It’s not exactly news that capitalism has an image problem. Say the word “capitalist” and the image that comes to mind is of a rapacious, self-interested robber baron – less Steve Jobs or Warren Buffett, more Charles Montgomery Burns.

Among young people, the problem is even more severe. For the generation who came of age during the financial crisis, argues George Koopman of the Mercatus Centre in the Wall Street Journal:

“…capitalism isn’t about free enterprise, nor is it about the startups and innovation. When they hear the term, millennials think about Wall Street bailouts, corporate greed, political scandals and tax codes riddled with loopholes for the wealthy and connected.”

This is what his article calls “mutant capitalism” – and it’s scarring the reputation of the good kind. Koopman cites a Harvard Institute of Politics survey showing that about a third of Americans aged 18-29 support socialism, while not even half back capitalism.

In fact, that understates the scale of the problem. Research by YouGov has shown that socialism is more popular than capitalism among young people in Britain and America alike. (Though Americans seem to come to their senses in their twenties, unlike the Brits.)

In fact, across Britons as a whole, YouGov’s survey showed more people identifying as socialists than capitalists, by 19 per cent to 16 per cent (48 per cent said “neither”; the remaining 17 per cent were “don’t know”).

So is support for capitalism in jeopardy? Koopman quotes a memo by the Republican pollster Frank Luntz arguing that “the hostility of young Americans to the underpinnings of the American economy and the American government ought to frighten every business and political leader”.

Yet he also points that people are still able to make a difference between “capitalism” (bad) and the free market (good). He cites a 2015 Reason-Rupe poll showing that those of college age in the US much prefer a “free-market system” (72 per cent) to a “government-managed economy” (49 per cent).

In fact, this isn’t a distinctly American phenomenon. Pew’s surveys of global opinion have shown that the free market is still overwhelmingly preferred as a means of organizing the economy in the US and most other developed nations – with a few striking exceptions such as Greece, Japan, Spain and increasingly Italy:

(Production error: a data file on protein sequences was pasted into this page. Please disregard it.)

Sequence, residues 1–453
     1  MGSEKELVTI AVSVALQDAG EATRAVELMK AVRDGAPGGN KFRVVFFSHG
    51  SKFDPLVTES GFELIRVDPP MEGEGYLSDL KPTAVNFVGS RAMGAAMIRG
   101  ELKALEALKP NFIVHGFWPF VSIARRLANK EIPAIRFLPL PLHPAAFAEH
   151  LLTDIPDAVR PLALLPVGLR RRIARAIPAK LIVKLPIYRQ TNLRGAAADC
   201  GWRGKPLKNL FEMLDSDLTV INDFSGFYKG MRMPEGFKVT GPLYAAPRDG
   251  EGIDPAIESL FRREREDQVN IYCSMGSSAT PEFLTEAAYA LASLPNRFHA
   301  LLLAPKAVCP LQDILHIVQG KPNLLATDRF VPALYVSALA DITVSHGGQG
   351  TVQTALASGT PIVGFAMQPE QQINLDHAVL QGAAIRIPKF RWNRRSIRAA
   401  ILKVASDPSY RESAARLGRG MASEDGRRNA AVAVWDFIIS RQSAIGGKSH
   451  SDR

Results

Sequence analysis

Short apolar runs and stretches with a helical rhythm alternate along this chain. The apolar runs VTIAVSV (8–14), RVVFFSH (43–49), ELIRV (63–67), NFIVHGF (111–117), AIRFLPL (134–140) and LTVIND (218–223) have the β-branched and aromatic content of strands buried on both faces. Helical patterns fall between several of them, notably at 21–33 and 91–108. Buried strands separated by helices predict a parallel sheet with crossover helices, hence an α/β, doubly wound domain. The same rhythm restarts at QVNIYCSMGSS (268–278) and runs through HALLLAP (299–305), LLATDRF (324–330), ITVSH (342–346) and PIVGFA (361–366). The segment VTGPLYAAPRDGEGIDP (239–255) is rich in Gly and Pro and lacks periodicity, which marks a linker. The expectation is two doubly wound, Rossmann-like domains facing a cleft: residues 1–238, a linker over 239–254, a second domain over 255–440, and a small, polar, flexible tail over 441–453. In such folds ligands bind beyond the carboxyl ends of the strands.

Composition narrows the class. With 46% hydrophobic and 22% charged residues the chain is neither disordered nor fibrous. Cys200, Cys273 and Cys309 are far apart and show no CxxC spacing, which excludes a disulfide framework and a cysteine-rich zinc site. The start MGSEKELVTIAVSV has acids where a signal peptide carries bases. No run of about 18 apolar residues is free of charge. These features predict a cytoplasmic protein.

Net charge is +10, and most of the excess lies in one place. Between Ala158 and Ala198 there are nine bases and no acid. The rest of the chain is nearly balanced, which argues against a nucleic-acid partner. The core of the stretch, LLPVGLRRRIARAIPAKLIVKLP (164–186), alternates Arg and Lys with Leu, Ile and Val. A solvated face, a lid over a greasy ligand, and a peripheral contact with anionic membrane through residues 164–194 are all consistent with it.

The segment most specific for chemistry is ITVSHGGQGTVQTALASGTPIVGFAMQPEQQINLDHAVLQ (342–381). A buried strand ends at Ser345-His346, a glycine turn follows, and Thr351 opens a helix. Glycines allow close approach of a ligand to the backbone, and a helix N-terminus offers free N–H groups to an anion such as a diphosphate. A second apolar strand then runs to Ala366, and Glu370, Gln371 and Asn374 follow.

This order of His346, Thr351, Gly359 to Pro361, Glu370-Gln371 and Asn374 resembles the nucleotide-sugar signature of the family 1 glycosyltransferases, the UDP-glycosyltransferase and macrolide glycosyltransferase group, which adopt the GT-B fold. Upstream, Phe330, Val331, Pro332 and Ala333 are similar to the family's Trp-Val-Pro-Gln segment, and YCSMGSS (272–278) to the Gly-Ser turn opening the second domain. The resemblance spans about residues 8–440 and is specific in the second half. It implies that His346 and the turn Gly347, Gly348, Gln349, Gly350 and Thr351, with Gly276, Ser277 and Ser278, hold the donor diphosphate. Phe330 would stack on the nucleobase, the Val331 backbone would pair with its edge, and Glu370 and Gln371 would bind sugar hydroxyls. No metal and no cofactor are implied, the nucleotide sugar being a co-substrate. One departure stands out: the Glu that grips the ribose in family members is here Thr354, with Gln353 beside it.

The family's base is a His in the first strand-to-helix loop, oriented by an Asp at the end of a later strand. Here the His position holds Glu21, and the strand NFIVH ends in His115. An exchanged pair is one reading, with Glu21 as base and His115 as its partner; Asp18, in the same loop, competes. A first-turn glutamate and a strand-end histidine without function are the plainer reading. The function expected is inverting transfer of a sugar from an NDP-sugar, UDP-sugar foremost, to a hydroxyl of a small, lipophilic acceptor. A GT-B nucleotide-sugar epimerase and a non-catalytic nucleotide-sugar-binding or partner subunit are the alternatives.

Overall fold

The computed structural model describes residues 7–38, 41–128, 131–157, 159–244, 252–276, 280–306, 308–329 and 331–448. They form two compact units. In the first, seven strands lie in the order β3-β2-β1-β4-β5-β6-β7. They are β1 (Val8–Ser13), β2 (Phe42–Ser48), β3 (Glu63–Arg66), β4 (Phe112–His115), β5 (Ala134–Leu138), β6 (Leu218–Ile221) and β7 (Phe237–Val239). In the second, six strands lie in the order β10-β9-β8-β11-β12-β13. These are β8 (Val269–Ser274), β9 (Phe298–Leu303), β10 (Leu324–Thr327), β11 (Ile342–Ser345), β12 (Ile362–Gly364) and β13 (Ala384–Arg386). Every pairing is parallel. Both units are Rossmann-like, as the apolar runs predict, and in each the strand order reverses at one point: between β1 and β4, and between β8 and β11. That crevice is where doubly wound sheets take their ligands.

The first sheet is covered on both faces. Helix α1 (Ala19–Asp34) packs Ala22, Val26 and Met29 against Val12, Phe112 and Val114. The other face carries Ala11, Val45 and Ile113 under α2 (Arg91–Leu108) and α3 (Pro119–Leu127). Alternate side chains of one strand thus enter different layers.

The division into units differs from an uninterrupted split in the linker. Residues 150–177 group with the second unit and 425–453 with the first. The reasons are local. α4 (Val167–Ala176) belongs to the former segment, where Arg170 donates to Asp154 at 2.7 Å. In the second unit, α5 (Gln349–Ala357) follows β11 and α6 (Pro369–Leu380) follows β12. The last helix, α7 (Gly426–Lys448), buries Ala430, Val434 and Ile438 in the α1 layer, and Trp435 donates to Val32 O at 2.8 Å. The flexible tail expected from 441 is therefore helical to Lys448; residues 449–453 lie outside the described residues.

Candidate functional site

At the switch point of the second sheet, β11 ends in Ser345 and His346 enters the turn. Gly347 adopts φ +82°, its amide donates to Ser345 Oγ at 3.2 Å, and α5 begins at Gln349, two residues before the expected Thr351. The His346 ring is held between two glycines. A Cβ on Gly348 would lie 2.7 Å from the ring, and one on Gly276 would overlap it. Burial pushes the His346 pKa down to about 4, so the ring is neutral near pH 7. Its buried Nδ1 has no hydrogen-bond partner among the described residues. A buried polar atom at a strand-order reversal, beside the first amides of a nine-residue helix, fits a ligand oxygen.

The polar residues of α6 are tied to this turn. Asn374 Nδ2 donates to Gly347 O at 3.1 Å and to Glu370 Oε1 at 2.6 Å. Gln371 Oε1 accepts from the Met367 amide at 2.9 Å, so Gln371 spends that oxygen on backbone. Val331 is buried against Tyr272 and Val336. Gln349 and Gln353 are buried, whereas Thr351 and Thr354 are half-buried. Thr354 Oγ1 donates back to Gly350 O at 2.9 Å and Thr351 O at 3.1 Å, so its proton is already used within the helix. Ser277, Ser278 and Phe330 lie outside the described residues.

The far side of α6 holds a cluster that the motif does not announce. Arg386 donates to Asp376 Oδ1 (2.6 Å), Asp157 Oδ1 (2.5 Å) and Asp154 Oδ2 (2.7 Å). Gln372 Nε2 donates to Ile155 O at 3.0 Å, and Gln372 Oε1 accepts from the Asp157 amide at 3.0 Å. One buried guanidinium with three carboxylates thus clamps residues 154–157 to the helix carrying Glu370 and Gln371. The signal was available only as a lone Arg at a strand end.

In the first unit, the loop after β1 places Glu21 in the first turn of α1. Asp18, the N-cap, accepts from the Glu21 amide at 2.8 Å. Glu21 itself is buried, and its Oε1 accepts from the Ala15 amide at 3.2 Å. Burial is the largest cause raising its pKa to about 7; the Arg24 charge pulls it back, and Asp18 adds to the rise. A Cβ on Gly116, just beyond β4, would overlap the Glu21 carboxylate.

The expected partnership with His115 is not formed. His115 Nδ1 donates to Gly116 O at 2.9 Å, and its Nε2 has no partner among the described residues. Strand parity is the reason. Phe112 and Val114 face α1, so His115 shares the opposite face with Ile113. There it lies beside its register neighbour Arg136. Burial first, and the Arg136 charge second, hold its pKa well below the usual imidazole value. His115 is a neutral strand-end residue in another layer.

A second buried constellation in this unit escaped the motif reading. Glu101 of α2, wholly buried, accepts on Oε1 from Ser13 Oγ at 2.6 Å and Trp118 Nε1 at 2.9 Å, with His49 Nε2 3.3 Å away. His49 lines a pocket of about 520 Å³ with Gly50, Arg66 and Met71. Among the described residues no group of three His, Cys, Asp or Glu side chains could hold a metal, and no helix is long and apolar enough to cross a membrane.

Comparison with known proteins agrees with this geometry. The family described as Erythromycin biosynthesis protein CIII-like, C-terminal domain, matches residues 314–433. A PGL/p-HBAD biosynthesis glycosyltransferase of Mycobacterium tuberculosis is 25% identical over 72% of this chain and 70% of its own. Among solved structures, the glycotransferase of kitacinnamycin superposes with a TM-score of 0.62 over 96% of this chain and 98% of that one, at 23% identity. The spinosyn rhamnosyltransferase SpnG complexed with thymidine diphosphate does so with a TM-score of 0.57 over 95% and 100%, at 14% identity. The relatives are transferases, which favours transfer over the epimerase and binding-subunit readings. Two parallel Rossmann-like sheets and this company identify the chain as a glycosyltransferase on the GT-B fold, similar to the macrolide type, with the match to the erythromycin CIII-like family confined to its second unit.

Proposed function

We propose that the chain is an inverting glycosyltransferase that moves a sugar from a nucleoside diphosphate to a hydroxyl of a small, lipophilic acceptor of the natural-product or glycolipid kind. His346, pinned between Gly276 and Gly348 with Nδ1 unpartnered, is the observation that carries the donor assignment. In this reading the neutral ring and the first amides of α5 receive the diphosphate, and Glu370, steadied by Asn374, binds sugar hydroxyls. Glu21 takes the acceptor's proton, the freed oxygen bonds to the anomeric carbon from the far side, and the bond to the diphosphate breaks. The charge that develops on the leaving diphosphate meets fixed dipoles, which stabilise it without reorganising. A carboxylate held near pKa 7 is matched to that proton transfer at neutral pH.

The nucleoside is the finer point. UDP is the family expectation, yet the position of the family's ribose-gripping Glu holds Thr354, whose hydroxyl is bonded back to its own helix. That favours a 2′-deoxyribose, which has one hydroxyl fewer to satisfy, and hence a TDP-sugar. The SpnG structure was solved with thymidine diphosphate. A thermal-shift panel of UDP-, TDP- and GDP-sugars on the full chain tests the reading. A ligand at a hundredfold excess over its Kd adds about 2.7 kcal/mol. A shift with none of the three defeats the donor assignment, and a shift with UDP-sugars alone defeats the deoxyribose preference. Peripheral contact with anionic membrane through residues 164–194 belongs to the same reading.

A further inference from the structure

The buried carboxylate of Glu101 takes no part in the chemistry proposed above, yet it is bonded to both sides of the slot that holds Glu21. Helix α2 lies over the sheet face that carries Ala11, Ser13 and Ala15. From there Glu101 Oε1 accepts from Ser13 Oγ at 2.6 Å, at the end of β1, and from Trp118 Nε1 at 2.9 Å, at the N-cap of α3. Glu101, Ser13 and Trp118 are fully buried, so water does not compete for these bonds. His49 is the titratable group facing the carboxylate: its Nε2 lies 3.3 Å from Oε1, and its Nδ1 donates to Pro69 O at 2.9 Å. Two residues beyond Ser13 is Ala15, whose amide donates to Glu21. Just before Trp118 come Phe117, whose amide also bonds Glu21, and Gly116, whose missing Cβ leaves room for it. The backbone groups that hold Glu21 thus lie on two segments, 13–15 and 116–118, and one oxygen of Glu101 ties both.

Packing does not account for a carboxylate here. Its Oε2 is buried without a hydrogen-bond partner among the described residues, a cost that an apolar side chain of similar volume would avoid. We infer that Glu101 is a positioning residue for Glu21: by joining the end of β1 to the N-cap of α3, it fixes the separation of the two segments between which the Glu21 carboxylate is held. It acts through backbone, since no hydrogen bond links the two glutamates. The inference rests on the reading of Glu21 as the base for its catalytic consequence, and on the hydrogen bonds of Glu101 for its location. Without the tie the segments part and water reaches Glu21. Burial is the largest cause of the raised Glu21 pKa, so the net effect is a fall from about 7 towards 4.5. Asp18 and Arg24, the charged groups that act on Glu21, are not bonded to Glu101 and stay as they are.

And encouragingly, the picture is even rosier in the rest of the world – where they’ve seen far more of the benefits. China and India are both keener on free markets than America – Vietnam, while nominally Communist, is positively fanatical about them. Even Venezuela, despite the best efforts of Hugo Chavez and his successors (or perhaps because of them), remains in the free-market camp:

(Source: Pew Research Centre, Global Attitudes Survey 2014)

(Source: Pew Research Centre, Global Attitudes Survey 2014)

Koopman argues that the lesson of such findings is that we need to differentiate “genuine capitalism” from “the mutant system that has dominated economic policy over the last decade” – and remind people of the benefits of the former before it becomes contaminated by the reputation of the latter.

But there’s another point to make. Even at a time when the world seems to be turning inwards – when politicians on both sides of the Atlantic are competing to sound the most hostile towards free trade, and when angry populism is on the electoral march – a substantial majority of the global population, of whatever age group, still recognizes the benefits that free markets can deliver.

This state of affairs is not, of course, guaranteed. The way that the word “capitalism” has become tarnished by association with cartels, cronyism and bubble-era greed makes it harder to make the case for liberal economics more widely. And countries that lose confidence in the free market risk falling into a self-sustaining trap, taking actions to regulate the economy which end up harming growth, prompting further disillusionment.

But still: young people today may not wear T-shirts saying “Capitalist And Proud”, or pin up posters of Hayek and Friedman on their walls. But nor are they all paid-up acolytes of Bernie Sanders or Jeremy Corbyn. Mostly, they just want what the rest of us want – namely decent jobs, decent homes, and an economy that works to deliver them.

Republished from CapX

Robert Colvile


Robert Colvile

Robert Colvile is an editor of CapX

This article was originally published on FEE.org. Read the original article.